I'm taking a short break from blogging here. For a week, at least, and then we'll see. Maybe I'll post a thing or two, maybe not. I'm exhausted, and depressed, and worried sick about certain family issues, and about to move back to Moscow, which is both good and bad, for a number of obvious reasons. Writing in my Dear Diary would be the right thing for me to do now.
Friday, October 19, 2007
Wednesday, October 17, 2007
Two posts from my today's GV reading:
- MoldovAnn on Chernobyl aid programs -
[...] I do believe aid organizations want to help people have better lives. But when I hear them talking about “we’re going to support this community because it’s not too far from Kyiv and we can easily visit it in a day during our short visit to Ukraine”, it’s hard for me to take them seriously. If they really want to help the most needy, the most affected, the most at-risk people, then they should go to the far away, isolated, hard-to-get-to places - precisely because no one goes there. [...]
- Window On Eurasia on the centenary of the birth of General Pyotr Grigorenko -
[...] The National Bank of Ukraine has issued a special commemorative coin in an edition of 35,000 copies. And the Tatars in Crimea itself, to whose return to their homeland Grigorenko made such an important contribution, reportedly are planning a small commemoration.
But elsewhere in Ukraine, few if any events are planned. [...]
Here are also two old New York Times pieces - one on Grigorenko's memoirs, the other on "the world of Soviet psychiatry" - both from 1983.
Tuesday, October 16, 2007
First, someone landed on this blog via a Google search for "uzhgorod hostess and escorts." A few hours later, another person from another country stopped by in search of "uzhhorod prostitute."
And I was horrified.
Because, somehow, I've no problem with the fact that Kyiv is full of prostitutes and their clients. It's a big city, what can you do. I don't really care when someone comes here looking for prostitutes in Kryvyi Rih - mainly, because I don't care about Kryvyi Rih in the first place.
But Uzhgorod is sacred. It's my favorite Ukrainian town. I love to idealize it. It's like a tiny New York City. It's got a lot more than you expect to see and hear in such a small place.
And it's got prostitutes, of course. And they are cheaper than in the EU, obviously. And booze is cheaper there as well.
And I like to pretend that this parallel universe doesn't exist. Not in Uzhgorod.
And then some guys run through my blog and ruin it for me...
Three months since my father disappeared. I still haven't really found a way of dealing with his death. Nor has my mother, I'm afraid. There are plenty of distractions, Marta is the best of them, but very often nothing really works.
It'll always be the 16th for me. Not the 19th, the date that they put on his death certificate. It could've been the 18th or the 20th. With the 16th, there's no uncertainty. It's the turning point, and what was before and after it seems very blurry now. Which is sort of good, I guess, because when I attempt to focus, it gets unbearably painful.
And Ukraine, too, is mourning today - mourning the 15 victims of the gas blast in Dnipropetrovsk.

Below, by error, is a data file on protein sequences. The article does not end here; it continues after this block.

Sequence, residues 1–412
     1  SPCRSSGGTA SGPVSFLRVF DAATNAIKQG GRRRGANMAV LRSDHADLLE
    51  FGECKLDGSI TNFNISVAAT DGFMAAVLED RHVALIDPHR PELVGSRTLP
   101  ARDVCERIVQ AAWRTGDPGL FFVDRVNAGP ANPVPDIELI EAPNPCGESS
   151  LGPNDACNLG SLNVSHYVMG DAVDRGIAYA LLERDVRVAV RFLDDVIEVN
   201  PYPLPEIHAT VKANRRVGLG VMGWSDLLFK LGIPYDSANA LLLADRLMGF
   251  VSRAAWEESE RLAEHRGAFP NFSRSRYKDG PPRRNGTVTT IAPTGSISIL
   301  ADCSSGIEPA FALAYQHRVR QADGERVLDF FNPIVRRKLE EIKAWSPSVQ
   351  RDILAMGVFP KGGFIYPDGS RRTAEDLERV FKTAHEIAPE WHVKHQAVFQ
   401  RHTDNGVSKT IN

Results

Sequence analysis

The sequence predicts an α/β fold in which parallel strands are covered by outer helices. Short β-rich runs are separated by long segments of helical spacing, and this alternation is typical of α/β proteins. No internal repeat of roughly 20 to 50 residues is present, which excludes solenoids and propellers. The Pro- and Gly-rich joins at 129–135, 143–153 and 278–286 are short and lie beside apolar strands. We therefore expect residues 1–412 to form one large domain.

Monday, October 15, 2007
At last, the official results of the Sept. 30 vote are in, and it does look like the coalition between Yulia and Yushchenko/Lutsenko is actually going to happen, after all. Nice, very nice.
And, there's also this nice piece (UKR) in Ukrainska Pravda, by Kostyantyn Levin:
[...] We can, perhaps, assert that the anniversaries of the Ukrainian Insurgent Army's creation will be marked according to the same scenario every year - mass PR events by Vitrenko, Symonenko and Tyahnybok on the streets and squares of Kyiv, burning of the UPA flags in Crimea, some more local news from Lviv, Kharkiv, Frankivsk and Poltava, which, however, no one cares about.
But, in fact, we aren't talking about the official recognition of the Insurgent Army, nor is it about those who earn their political capital off the Cossack Glory holiday. It's not even about UPA. It's about ourselves. Because, if someone's forgotten, we are the Ukrainian people.
All our history is the history of fighting against inner opposition, and our every war [...] ends up turning into civil war.
Actually, all our history - if you look at it from a certain angle - is the history of UPA. Some are in favor, others - against, and the majority works [day and night] and drinks.
Why aren't we using all the heritage of our ancestors? The Crimean Tatars, by the way, also have something to tell about their past.
Ukrainian history is the history of suffering, interfighting and great blood. The history of rupture and scars that haven't healed since the times of Khmelnytskyi and Mazepa, that continue to rot, making it impossible to finish the process of consolidation of that one whole that we'll eventually call "Ukraine" - and won't be wrong.
And there are only two paths to follow: the path of mutual exclusion, of cutting off what doesn't fit the framework, what's not on the map and dressed in the wrong uniform - and the path of collecting.
Collecting the differences in one place, the path of recognizing our century-long fratricide as an inseparable part and even (why not?) the most typical feature.
So that next time we could avoid robbing our culture in the process of "cutting off" - and perhaps, as we take aim [...], we could even feel ashamed. And stand next to each other instead.